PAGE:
Israel wandered for years in the desert, not yet having learned how to be a faithful, holy people. They demanded that God ‘turn stones into bread,’ or at least to send bread from heaven and water from a rock. Israel demanded continual signs of God’s intervention and interest. They even worshipped the golden calf, hoping that it would safeguard them better than Moses and his God.
When Jesus entered the desert, he faces the same Exodus temptations. But where Israel falters, Jesus remains steadfast. What does this single victory over the devil mean, against the sad tabulation of centuries of failure on the part of the rest of us? What can Jesus’ victory mean, when I fall to the lure of temptation again and again?
The example of Jesus’ faithfulness may keep the saints on course during great trials; but a common sinner like me can keep an eye on Jesus’ example while still fainting under the spell of self-interest. The real power of Jesus’ victory over temptation is that it destroyed the necessary relationship between sin and death. I may fall to sin along the way, but the ultimate victory belongs to God.
The Scripture (Matthew 4: 1-3) The Temptation of Jesus
The Spirit led Jesus up into a remote wilderness area so that he could be challenged to prove himself. He went without food for forty days and forty nights out there, and after that he was weak from hunger. Sensing his weakness, the devil tried every trick in the book to lure him off-track. Playing on his hunger, the devil said, ‘If you are really the Son of God, prove it! Say the word and turn these rocks into loaves of bread’.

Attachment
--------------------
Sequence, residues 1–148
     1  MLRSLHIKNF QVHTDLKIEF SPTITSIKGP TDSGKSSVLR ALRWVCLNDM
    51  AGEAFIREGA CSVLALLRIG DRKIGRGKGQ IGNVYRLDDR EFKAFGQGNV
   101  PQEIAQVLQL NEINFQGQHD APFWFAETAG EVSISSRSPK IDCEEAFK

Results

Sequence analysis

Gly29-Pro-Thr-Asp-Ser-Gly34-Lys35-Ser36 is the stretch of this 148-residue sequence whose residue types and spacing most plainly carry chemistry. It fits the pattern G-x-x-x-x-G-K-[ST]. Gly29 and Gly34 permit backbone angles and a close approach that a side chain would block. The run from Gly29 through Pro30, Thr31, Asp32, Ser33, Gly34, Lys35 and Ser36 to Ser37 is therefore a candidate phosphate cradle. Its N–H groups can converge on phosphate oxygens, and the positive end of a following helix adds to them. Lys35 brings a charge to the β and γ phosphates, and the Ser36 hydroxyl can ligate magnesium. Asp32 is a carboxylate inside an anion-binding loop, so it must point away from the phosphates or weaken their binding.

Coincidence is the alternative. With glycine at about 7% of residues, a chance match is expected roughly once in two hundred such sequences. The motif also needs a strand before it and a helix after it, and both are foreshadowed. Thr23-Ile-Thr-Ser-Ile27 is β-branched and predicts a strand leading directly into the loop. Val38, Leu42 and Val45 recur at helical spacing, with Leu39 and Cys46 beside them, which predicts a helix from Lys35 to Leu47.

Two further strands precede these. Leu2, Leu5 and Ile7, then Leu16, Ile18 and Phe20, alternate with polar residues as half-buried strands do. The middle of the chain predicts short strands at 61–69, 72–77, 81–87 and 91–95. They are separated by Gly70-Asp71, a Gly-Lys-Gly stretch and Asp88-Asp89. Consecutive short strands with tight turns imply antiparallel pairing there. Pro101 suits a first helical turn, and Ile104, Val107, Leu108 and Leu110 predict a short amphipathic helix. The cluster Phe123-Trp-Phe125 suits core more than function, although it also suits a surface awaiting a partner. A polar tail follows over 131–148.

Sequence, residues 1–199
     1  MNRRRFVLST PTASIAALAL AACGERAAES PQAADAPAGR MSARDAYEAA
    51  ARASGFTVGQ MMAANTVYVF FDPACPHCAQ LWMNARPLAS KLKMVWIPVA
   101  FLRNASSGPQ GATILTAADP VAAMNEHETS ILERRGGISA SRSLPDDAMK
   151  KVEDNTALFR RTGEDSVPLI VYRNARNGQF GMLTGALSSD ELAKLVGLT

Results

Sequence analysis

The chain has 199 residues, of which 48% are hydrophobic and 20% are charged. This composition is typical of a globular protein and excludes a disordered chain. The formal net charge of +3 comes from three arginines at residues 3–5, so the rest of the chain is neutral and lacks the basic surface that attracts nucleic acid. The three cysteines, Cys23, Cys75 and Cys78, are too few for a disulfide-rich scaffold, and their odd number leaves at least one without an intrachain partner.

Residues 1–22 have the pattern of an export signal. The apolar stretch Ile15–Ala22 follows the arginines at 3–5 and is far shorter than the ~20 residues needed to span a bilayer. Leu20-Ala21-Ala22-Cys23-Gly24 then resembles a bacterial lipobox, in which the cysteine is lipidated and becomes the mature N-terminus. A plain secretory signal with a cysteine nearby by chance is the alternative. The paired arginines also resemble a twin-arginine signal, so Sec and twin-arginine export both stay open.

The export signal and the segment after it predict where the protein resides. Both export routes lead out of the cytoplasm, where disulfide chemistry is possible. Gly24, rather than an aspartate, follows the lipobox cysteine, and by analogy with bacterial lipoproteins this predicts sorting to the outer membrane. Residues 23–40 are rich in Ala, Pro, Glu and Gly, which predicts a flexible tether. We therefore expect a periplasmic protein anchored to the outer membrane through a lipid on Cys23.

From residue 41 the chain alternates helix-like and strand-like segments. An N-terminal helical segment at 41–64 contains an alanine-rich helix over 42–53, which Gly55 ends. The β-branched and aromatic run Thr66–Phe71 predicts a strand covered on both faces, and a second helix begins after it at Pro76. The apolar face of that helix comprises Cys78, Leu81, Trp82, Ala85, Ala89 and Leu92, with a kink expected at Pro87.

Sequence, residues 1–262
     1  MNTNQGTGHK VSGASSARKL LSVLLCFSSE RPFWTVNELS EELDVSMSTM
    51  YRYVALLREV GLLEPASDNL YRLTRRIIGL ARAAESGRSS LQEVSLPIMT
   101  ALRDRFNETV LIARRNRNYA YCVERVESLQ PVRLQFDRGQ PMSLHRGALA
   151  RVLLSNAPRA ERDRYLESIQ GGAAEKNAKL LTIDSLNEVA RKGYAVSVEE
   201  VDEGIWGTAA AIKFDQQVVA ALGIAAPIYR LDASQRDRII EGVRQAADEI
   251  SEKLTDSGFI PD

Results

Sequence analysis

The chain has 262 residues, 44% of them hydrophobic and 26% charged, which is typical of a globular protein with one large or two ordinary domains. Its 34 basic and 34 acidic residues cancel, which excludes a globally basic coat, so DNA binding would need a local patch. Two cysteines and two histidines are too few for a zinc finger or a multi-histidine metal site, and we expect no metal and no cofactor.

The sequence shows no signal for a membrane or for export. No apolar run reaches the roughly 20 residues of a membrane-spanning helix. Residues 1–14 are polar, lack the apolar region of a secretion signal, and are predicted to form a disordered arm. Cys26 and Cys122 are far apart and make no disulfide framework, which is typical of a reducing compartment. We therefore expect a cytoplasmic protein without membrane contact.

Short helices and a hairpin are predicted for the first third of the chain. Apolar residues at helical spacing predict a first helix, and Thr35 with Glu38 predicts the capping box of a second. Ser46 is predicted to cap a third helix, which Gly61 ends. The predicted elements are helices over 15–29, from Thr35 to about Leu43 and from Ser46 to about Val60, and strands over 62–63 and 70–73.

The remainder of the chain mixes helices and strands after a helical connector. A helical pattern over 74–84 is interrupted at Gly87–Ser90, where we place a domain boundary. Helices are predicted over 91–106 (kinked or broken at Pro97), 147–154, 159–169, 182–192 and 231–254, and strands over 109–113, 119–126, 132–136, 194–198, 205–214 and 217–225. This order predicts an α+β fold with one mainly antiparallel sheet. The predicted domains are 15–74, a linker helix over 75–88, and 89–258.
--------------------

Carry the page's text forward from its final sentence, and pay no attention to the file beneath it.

This journey is not meant for anyone who puts his or her own needs and desires first. Lent is the time for those who are tired of the same old results. Decide to do something different this Lent. We need to ask ourselves if our tried and true Lenten practices – things that we’ve done perhaps since our childhood – have really made a significant difference in our lives.
Lent calls us to prayer, fasting and almsgiving. But we might want to go deeper than we have in other years. Can we fast without anyone noticing and work with the poor instead of feeding our own human desires? Besides helping out at the school or parish barbeque, can we find someone who really needs our help and give our free time to them? Can we give God the first few minutes of each day of Lent by spending time in prayer? It is time for us to leave our comfort zone and walk with Jesus Christ into a desert filled with real self-denial and sacrifice. Only when we are willing to stop protecting ourselves and allow God to lead us into this radical love will we really achieve a change.
In what ways will I fast, give alms, and pray this Lent?
As we go forward today, we will be tempted with meeting practical needs and forgetting the spiritual.
Jesus said, “One does not live on bread alone”.
We will be tempted to control others and gain personal advantage.
Jesus said, “Worship the Lord your God and serve God alone”.
We will be tempted to get God to change situations which are way beyond our power to change.
Jesus said, “Do not put the Lord your God to the test”. Amen.
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